The latest iteration of this is taking place now with the Israeli conflict with Hamas in Gaza. Mass protests against Israel are taking place on our college campuses. No doubt fueled by faculty and administrators who tolerate this one-sided way of thinking. Weak-kneed educators allow for outright antisemitism instead of promoting debates about what each side's points of view are. It becomes a childish exhibition of ill-informed children. "Palestinians are good. Israelis are bad." 

It is a circular argument that fails to represent both Palestinians and Israelis as people. Some are good and some are bad. Hamas and other terrorist groups are just flat-out bad. End of discussion since most admit Hamas doesn’t represent all Palestinians.

But in today's extremely tribal environment, it is easy to champion the latest case of David versus Goliath on college campuses. In this case, ironically, with the kids in our college institutions, their David is the Palestinians and Goliath is portrayed as the country of Israel. Protests are acceptable and encouraged under our Bill of Rights. But violence against those of the Jewish faith, lack of tolerance for Israel's point of view, and totally ignoring the attacks on Israel on October 7 and the people who were kidnapped, killed, tortured, or raped, is outrageous and heinous.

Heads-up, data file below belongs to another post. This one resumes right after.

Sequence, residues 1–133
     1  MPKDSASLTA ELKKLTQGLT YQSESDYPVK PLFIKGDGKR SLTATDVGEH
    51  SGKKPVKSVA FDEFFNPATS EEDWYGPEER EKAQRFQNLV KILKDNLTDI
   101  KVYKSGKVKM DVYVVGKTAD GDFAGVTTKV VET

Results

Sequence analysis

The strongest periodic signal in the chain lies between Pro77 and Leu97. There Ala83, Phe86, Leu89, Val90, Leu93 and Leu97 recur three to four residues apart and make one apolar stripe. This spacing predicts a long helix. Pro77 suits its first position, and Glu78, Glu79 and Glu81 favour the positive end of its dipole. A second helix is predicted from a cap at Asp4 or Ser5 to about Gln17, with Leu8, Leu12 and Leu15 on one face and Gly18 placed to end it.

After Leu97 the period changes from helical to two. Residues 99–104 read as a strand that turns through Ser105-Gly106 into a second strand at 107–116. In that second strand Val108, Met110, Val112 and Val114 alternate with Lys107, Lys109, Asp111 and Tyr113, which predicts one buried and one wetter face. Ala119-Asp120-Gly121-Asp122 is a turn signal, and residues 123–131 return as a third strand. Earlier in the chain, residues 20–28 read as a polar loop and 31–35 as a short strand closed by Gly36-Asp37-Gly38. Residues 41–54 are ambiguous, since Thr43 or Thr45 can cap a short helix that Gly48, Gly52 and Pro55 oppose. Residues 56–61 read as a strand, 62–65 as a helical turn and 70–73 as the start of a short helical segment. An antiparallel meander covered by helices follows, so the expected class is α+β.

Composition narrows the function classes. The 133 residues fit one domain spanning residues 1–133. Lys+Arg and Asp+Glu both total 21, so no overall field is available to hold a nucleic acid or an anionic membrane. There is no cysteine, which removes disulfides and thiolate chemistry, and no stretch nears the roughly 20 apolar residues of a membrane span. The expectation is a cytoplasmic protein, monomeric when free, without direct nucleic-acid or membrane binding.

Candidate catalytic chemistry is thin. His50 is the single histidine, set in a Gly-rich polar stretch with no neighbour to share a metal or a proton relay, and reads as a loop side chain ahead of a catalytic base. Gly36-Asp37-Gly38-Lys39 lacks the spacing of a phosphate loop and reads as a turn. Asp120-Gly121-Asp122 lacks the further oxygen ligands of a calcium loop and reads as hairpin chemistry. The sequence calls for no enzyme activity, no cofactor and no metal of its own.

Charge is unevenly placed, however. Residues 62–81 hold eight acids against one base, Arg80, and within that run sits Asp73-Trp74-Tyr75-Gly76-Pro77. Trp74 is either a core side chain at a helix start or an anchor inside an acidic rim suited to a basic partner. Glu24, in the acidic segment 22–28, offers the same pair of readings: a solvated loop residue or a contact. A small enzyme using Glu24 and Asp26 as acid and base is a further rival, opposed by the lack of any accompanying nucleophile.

The one institution in our country where free speech, debate, and dissection of many points of view should flourish in our colleges and universities. Unfortunately, the very opposite is happening. A lack of tolerance, debate and critical thinking is helping to churn out a group of college-educated automatons who think alike, talk alike and whose values seem to be the same. Intolerance and privileged attitudes of some students and faculty shut down diverse forms of speech. That is not an atmosphere that fosters open minds, learning and understanding.

What happens when students leave those hallowed halls and face the realities of the global melting pot? Far removed from the cocoon of an insulated campus environment, many students are ill-equipped to deal with the diversity of thoughts and opinions that constitute real life. The universities have let them down.